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abstract = "Background: Fracture absolute risk assessment (FARA) is recommended for guiding osteoporosis treatment decisions in males. The best strategy for applying FARA in the clinic setting is not known. Objectives: We compared 2 FARA tools for use with electronic health records (EHRs) to determine which would more accurately identify patients known to be high risk for fracture. Tools evaluated were an adaptation of the World Health Organization’s Fracture Risk Assessment Tool used with electronic data (eFRAX) and the Veterans Affairs (VA)-based tool, VA-FARA. Methods: We compared accuracies of VA-FARA and eFRAX for correctly classifying male veterans who fractured and who were seen in the VA’s Sierra Pacific Network in 2002-2013. We then matched those cases to nonfracture controls to compare odds of fracture in patients classified as high risk by either tool. Results: Among 8740 patients, the mean (SD) age was 67.0 (11.1) years. Based on risk factors present in the EHR, VA-FARA correctly classified 40.1{\%} of fracture patients as high risk (33.0{\%} and 34.6{\%} for hip and any major fracture, respectively); eFRAX classified 17.4{\%} correctly (17.4{\%} for hip and 0.2{\%} for any major fracture). Compared with non-high-risk patients, those classified as high risk by VA-FARA were 35{\%} more likely to fracture (95{\%} CI = 23{\%}-47{\%}; P < 0.01) compared with 17{\%} for eFRAX (95{\%} CI = 5{\%}-32{\%}; P < 0.01). Conclusions: VA-FARA is more predictive of first fracture than eFRAX using EHR data. Decision support tools based on VA-FARA may improve early identification and care of men at risk.",
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AU - Steenhoek, Chandra L.

AU - Horne, Julie

AU - Meier, Joy

AU - Nebeker, Jonathan R.

AU - Mambourg, Scott

AU - Swislocki, Arthur L

AU - Carmichael, Jannet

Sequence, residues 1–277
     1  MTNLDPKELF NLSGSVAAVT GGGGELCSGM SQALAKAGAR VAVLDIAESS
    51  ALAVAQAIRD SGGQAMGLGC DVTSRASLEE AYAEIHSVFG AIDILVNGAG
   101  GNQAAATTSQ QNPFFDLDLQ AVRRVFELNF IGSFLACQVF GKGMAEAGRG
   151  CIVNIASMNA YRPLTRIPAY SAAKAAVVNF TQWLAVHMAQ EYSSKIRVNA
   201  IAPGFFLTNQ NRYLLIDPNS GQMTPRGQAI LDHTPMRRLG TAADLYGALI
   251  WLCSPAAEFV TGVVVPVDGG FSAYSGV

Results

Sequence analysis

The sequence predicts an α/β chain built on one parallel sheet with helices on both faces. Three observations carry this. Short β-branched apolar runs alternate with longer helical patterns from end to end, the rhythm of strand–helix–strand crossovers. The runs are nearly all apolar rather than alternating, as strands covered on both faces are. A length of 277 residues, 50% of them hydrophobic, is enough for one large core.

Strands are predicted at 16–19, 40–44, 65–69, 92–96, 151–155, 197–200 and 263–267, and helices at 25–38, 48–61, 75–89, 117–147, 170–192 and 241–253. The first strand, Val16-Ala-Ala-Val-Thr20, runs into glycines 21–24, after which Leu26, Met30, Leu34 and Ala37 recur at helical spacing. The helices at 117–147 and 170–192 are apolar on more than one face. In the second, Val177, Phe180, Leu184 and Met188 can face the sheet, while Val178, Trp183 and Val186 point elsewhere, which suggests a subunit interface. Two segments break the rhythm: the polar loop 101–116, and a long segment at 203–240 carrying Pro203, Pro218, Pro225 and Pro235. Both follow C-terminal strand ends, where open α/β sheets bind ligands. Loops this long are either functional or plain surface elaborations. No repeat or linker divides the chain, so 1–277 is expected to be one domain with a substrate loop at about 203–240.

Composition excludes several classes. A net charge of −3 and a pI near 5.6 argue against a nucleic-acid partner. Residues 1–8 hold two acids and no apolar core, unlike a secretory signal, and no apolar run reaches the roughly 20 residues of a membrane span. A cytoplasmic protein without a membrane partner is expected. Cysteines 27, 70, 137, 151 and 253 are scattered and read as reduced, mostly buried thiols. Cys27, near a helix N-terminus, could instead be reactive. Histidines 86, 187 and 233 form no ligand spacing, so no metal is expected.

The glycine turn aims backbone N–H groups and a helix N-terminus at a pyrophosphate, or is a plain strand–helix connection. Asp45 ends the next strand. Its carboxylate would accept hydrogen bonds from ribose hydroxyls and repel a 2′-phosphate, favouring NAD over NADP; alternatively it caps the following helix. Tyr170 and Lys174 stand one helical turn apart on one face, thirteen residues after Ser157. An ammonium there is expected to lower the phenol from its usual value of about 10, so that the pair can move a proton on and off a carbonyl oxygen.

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AB - Background: Fracture absolute risk assessment (FARA) is recommended for guiding osteoporosis treatment decisions in males. The best strategy for applying FARA in the clinic setting is not known. Objectives: We compared 2 FARA tools for use with electronic health records (EHRs) to determine which would more accurately identify patients known to be high risk for fracture. Tools evaluated were an adaptation of the World Health Organization’s Fracture Risk Assessment Tool used with electronic data (eFRAX) and the Veterans Affairs (VA)-based tool, VA-FARA. Methods: We compared accuracies of VA-FARA and eFRAX for correctly classifying male veterans who fractured and who were seen in the VA’s Sierra Pacific Network in 2002-2013. We then matched those cases to nonfracture controls to compare odds of fracture in patients classified as high risk by either tool. Results: Among 8740 patients, the mean (SD) age was 67.0 (11.1) years. Based on risk factors present in the EHR, VA-FARA correctly classified 40.1% of fracture patients as high risk (33.0% and 34.6% for hip and any major fracture, respectively); eFRAX classified 17.4% correctly (17.4% for hip and 0.2% for any major fracture). Compared with non-high-risk patients, those classified as high risk by VA-FARA were 35% more likely to fracture (95% CI = 23%-47%; P < 0.01) compared with 17% for eFRAX (95% CI = 5%-32%; P < 0.01). Conclusions: VA-FARA is more predictive of first fracture than eFRAX using EHR data. Decision support tools based on VA-FARA may improve early identification and care of men at risk.